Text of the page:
Lance Armstrong’s doping confession to Oprah Winfrey tomorrow threatens to siphon viewers from “American Idol,” the most-watched TV show for nine years, as the singing competition returns for a new season.
Winfrey’s OWN network airs the first part of her interview with Armstrong at 9 p.m. New York time, halfway into the two- hour, second night of “Idol” on News Corp. (NWSA)’s Fox. The talent show begins its 12th season tonight with a two-hour premiere. Both count women as their largest viewer group.
Winfrey’s interview with the seven-time Tour de France winner, who was stripped of his medals last year, is vying with a heavily promoted “Idol” that’s looking to stem viewer losses with new judges Nicki Minaj, Mariah Carey and Keith Urban. Fox is counting on “Idol” and the new Kevin Bacon drama “The Following” to rebound from a 20 percent drop in ratings this season.
“The median age for ‘Idol’ was over 50 last year and skewed more toward females,” said Brad Adgate, director of research at Horizon Media Inc., an advertising company in New York. “That’s Oprah’s core viewer as well.”
Nicole Nichols, a spokeswoman for Los Angeles-based OWN, and Gaude Paez, a spokeswoman for Fox in Los Angeles, declined to comment on the competing telecasts.
The challenge from Winfrey comes at a turning point for “Idol,” which held its No. 1 spot last season even as viewers shrank 26 percent to 17 million, according to Nielsen data. CBS’s (CBS) “NCIS” is averaging almost 22 million viewers a night in the current season. At its 2006 peak, “Idol” drew more than 30 million.
For the new season, the producers of “Idol” chose to replace judges Steven Tyler and Jennifer Lopez, who helped lead an 8.4 percent rise in viewership two years ago. Randy Jackson returns, and is the only original judge left on the show.
Any hit from Winfrey, 58, will probably be brief. The new judges, including a feuding Carey and Minaj, may renew interest, Adgate said. Viewers who choose Winfrey’s interview over “Idol” can still catch up with a DVR, video-on-demand or Hulu.com. “Idol” was already one of the most DVR-viewed shows, he said.
Armstrong, 41, ended 13 years of denials by acknowledging for the first time during an “emotional” 2 1/2-hour interview that he used performance-enhancing drugs, Winfrey said yesterday on “CBS This Morning.”
“He did not come clean in the manner that I expected,” Winfrey told CBS.
The second half airs at 9 p.m. New York time on Jan. 18.
“We felt that to leave over half of this on the cutting room floor after millions of people have been waiting for years for many of these answers would not be the right thing to do,” Winfrey told CBS.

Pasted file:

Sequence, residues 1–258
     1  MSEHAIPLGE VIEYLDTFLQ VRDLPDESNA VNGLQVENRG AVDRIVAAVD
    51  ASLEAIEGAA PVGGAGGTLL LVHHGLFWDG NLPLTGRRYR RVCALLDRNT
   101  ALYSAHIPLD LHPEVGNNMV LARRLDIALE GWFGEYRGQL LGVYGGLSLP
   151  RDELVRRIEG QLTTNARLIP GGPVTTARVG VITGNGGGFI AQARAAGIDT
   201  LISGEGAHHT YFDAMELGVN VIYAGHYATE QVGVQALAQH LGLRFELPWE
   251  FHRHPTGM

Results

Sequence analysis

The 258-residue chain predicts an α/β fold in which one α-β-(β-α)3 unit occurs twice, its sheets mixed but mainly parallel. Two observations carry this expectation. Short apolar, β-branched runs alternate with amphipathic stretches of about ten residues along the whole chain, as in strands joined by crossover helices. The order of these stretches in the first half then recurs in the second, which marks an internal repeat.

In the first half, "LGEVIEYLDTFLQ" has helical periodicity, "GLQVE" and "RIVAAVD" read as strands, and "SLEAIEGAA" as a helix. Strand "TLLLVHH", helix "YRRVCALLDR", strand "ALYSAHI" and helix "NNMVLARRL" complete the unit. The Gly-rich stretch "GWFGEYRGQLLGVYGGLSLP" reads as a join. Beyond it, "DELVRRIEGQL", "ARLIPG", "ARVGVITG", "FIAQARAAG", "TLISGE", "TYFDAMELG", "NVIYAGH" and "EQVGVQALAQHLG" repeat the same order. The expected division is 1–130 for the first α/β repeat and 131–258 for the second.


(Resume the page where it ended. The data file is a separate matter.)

The former daytime host has boosted the audience of her cable channel, owned jointly with Discovery Communications Inc. (DISCA), since taking over as chief executive officer of OWN in July 2011 and hosting “Oprah’s Next Chapter.”
Winfrey’s March 11 interview with Whitney Houston’s family drew almost 4 million viewers to lead all cable shows that night among women ages 25 to 54, according to Nielsen data cited by the network. She’s also scored ratings wins interviewing Rihanna and pastor Joel Osteen.
“Our America With Lisa Ling,” “Welcome to Sweetie Pie’s” and “Six Little McGhees” were among OWN’s most-watched programs, the network said on Jan. 4.
OWN expects to reach about 85 million U.S. cable TV homes by May, Discovery CEO David Zaslav said at a Dec. 4 investor conference. The network increased its average prime-time audience by 61 percent to 328,000 viewers in the fourth quarter of 2012 from a year earlier. Almost three-fourths were female, according to Nielsen data.
Zaslav also stuck by his projection that the network would break even in the second half of this year.
Tonight’s “Idol” features auditions from New York, while tomorrow’s episode, up against Winfrey, will show contestants in Chicago.
During the first part of the “Idol” season, contestants vie to make early round cuts and travel to Los Angeles. The audience for “Idol” usually rises in later rounds.
Hosted by Ryan Seacrest, the show’s early episodes feature the city where auditions are taking place, tell stories about a few contestants and end with the judges deciding who advances.
The audience for “Idol” has been declining as the singing competition has aged, attrition that Fox executives have come to expect, according to Mike Darnell, the network’s president of alternative programming.
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